It's been more than 20 years since Minnesota Energy Resources Corp. piped a new town for natural gas - and Esko is one of two communities getting access this summer.

"It's not easy to extend natural gas systems to new towns," said Pam Sarvela, external affairs manager for MERC. "... We are really excited."

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So is Esko school district Superintendent Aaron Fischer.

Although he didn't have an exact dollar figure, Fischer said the district stands to save a "substantial" amount of money as it switches from old dual-fuel boilers that burn propane or fuel oil to new boilers that use natural gas with propane as a backup. The district also is switching from steam heat to hot-water heat.

"We're basically going from a 1956 heating system to a modern system," said Fischer.

The old boilers - which were each about the size of a boxcar - already have been removed. The new boilers are closer to the size of a refrigerator, he said, and a lot more efficient.

"I think the new boilers are close to 96 or 98 percent efficient," he said, adding that the district did a study that confirmed the move to natural gas would save both money and energy.

MERC already serves Cloquet, Scanlon, Proctor and Hermantown, and the Esko school district had requested they extend to Esko several years ago. At the time, the project was too expensive for the for-profit company. But thanks to changes made by the state Legislature, utility companies such as MERC are now allowed to further extend the timeframe to finance such projects. That made the Esko and Balaton, Minn., projects viable.

The Esko/Thomson Township project will add 26 miles of natural gas lines to the MERC system. Workers tapped into the Northern Natural Gas pipeline north of Morris Thomas Road, then ran a new main line down Canosia Road into town. Smaller (yellow-colored) lines are being pushed through the ground using directional drilling equipment to create a path with a minimum of digging. About 750 customers will be eligible to receive natural gas service from the utility. Construction started in April, and officials expect to be ready to serve the area by the upcoming heating season.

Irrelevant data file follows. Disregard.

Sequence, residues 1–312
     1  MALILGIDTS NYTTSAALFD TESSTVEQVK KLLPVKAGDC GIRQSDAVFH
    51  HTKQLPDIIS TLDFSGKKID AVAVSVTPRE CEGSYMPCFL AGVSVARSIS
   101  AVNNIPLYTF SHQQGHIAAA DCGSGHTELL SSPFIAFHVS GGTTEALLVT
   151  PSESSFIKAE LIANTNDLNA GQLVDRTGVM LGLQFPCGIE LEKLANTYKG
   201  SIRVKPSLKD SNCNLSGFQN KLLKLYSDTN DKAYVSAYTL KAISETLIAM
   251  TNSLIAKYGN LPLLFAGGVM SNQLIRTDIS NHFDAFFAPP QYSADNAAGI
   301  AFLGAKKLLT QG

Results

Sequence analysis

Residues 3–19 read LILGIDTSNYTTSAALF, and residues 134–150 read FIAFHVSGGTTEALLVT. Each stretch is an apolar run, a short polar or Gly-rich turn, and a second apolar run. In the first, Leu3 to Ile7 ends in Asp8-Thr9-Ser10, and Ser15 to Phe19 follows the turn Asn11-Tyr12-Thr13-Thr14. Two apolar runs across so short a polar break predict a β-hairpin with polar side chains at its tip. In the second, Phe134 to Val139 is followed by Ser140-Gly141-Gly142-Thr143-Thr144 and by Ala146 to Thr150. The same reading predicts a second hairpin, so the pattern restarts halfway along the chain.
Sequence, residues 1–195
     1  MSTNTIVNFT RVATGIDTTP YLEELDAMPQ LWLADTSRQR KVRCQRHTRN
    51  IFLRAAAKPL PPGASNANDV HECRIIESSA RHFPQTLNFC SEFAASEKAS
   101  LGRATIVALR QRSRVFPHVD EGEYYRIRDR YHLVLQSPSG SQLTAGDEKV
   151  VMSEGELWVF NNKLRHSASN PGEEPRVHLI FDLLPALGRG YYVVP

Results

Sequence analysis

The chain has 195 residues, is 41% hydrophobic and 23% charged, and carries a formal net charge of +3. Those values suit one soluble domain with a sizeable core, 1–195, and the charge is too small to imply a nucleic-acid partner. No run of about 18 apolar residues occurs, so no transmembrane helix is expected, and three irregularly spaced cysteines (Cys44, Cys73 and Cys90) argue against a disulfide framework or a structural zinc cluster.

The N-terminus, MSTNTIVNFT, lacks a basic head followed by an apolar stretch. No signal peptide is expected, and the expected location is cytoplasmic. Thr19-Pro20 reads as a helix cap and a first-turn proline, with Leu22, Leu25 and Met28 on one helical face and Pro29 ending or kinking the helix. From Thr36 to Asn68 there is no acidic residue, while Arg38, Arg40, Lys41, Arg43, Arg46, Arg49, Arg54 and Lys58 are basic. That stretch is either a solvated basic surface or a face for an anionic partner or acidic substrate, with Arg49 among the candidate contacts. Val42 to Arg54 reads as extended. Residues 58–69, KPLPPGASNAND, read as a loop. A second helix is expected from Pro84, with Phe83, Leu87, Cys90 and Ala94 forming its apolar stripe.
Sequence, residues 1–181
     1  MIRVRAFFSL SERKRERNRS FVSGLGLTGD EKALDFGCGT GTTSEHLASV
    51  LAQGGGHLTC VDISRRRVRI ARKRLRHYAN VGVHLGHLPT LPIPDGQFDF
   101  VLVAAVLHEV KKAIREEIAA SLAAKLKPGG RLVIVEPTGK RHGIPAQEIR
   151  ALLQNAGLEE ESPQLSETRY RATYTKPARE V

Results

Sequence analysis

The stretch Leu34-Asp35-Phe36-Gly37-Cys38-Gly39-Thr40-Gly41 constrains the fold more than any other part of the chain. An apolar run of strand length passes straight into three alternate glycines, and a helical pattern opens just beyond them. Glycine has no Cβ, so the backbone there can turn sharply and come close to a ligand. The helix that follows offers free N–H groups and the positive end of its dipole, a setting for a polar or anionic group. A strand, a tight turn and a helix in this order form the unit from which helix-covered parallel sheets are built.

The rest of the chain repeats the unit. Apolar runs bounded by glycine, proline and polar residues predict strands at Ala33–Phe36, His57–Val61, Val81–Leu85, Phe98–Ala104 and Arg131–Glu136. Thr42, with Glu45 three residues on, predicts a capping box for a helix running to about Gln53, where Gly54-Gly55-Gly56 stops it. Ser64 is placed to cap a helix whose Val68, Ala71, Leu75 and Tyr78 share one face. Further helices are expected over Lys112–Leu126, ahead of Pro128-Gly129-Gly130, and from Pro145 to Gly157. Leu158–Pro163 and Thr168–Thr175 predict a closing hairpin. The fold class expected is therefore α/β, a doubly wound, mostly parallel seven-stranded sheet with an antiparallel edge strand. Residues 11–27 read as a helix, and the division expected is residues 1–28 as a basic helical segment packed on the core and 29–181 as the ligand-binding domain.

The costs for extending the gas service will be paid over 25 years through a surcharge charged monthly to new Thomson Township/Esko customers.

Thomson Township Supervisor Ruth Janke said the extension will also be of great benefit to Esko's business park.

Even with the surcharge, MERC spokesman Matt Cullen said he expects the service to be very competitive with the cost of electric, propane, wood or fuel oil that people have been using to provide heat.

"It's a reliable, affordable and safe option," he said. "Natural gas is similar to the costs of other sources, and less than some. And it's convenient. It's there when you need it. You don't have to worry about how much you'll need for a certain season."

"Once we get the system gassed up, then we will bring service lines into each home that orders it," Sarvela said, stressing that it is an opt-in service. No one has to get natural gas and no one pays the surcharge unless they request natural gas service.

For those who are interested, application packets are available at the Thomson Township Town Hall or online at (search Esko). The website has a page that explains the entire project for those who want to know more. Residents also can call Sarvela at (218) 878-2258. There is not a local office with walk-in customer service.

Sarvela said they've been getting lots of calls from Esko residents, wanting to know how to sign up.

And the school district is happy, too.

"The timing couldn't be more perfect," Fischer said.